Read More »How does the vaccine court deal with SIRVA claims? A review
COVID-19 vaccine liability

COVID-19 vaccine liability – what are the legal facts and limits

This article about COVID-19 vaccine liability was written by Dorit Rubinstein Reiss, Professor of Law at the University of California Hastings College of the Law (San Francisco, CA), who is a frequent contributor to this and many other blogs, providing in-depth, and intellectually stimulating, articles about vaccines, medical issues, social policy, and the law.

Professor Reiss writes extensively in law journals about the social and legal policies of vaccination. Additionally, Reiss is also a member of the Parent Advisory Board of Voices for Vaccines, a parent-led organization that supports and advocates for on-time vaccination and the reduction of vaccine-preventable disease. She is also a member of the Vaccines Working Group on Ethics and Policy.

I have been getting many questions about vaccine manufacturers and liability. Here is a short answer. There are limits to the ability to sue manufacturers for injuries from routine vaccines given to children or pregnant women. They are not absolute and are accompanied by a compensation program that is easier to win in than the regular courts.

There are very strong limits on the ability to sue manufacturers of emergency products – not just vaccines. Those are accompanied by a very hard to use compensation program, that provides limited compensation.

Ideally, I would like to see COVID-19 vaccine liability moved to the routine compensation program.

Read More »COVID-19 vaccine liability – what are the legal facts and limits

national vaccine injury compensation program

National Vaccine Injury Compensation Program facts

This article about the National Vaccine Injury Compensation Program was written by Dorit Rubinstein Reiss, Professor of Law at the University of California Hastings College of the Law (San Francisco, CA), who is a frequent contributor to this and many other blogs, providing in-depth, and intellectually stimulating, articles about vaccines, medical issues, social policy, and the law.

Professor Reiss writes extensively in law journals about the social and legal policies of vaccination. Additionally, Reiss is also a member of the Parent Advisory Board of Voices for Vaccines, a parent-led organization that supports and advocates for on-time vaccination and the reduction of vaccine-preventable disease.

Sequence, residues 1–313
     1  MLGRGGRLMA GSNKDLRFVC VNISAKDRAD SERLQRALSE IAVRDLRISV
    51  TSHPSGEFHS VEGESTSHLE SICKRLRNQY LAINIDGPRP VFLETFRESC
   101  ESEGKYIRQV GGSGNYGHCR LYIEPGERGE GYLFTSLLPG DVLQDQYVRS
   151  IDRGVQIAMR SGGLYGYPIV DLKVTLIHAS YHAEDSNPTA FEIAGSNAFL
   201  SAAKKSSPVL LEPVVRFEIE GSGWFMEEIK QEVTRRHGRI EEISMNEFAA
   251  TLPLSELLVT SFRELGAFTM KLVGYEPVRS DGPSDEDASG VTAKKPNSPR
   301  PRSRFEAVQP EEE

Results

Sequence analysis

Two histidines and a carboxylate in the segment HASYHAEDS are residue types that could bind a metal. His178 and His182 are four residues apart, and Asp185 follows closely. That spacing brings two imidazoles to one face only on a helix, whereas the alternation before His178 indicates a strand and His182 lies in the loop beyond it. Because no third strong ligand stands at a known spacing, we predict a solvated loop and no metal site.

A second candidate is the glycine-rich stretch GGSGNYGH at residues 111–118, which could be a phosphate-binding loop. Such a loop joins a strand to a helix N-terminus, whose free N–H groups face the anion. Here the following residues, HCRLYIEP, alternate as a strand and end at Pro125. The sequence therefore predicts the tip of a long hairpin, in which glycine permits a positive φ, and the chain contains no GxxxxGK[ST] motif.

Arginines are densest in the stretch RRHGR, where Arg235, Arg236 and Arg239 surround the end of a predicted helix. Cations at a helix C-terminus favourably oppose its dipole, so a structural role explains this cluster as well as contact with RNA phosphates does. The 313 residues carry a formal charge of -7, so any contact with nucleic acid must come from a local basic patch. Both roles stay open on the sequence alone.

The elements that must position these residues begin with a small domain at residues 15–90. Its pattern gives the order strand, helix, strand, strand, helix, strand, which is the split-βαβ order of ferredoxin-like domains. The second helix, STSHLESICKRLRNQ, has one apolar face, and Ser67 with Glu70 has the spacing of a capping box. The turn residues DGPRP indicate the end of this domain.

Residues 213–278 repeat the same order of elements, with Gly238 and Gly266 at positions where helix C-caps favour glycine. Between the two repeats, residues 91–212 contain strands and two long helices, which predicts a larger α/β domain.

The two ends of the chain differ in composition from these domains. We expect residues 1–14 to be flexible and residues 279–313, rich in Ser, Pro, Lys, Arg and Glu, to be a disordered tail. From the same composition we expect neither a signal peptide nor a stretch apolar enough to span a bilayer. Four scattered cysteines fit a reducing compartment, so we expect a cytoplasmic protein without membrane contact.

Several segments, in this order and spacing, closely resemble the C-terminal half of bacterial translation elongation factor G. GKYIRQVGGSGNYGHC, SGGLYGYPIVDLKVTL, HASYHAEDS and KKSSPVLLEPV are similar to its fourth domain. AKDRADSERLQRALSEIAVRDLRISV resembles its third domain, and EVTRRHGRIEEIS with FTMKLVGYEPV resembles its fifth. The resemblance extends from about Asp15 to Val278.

In this post I explain how one goes about proving a case in the  National Vaccine Injury Compensation Program (NVICP), and how that differs from proving a case in the civil courts, focusing on what it means to have a no-fault program and proving causation.

I will use a case that started with the tragic death of a young child after a vaccine to illustrate the complexity and operation of the program, and also to address the idea of federal preemption, and how it limits the ability of those claiming vaccine injuries to use state courts for their claims.

Read More »National Vaccine Injury Compensation Program facts

Del Bigtree Andrew Wakefield

Del Bigtree vaccine safety complaints – HHS Vaccine Program responds

On January 18, 2018, Dr. Melinda Wharton, Acting Director of the National Vaccine Program Office in the Department of Health and Human Services, sent Mr. Del Bigtree, an anti-vaccine activist, and producer of the anti-vaccine film Vaxxed, a response to questions he raised about vaccine safety.

The response is a very informative description of the substantial efforts regarding vaccine safety, and can and should reassure parents that there is abundant data – and many monitoring mechanisms in place – to examine and address vaccine safety, and that the expert consensus that vaccines are very safe is well-grounded.

This post will shortly describe the background to the letter from Dr. Wharton, then provide some of the highlights. I do, however, encourage people to read the full letter, available here (pdf), for themselves, to understand many vaccine safety issues.Read More »Del Bigtree vaccine safety complaints – HHS Vaccine Program responds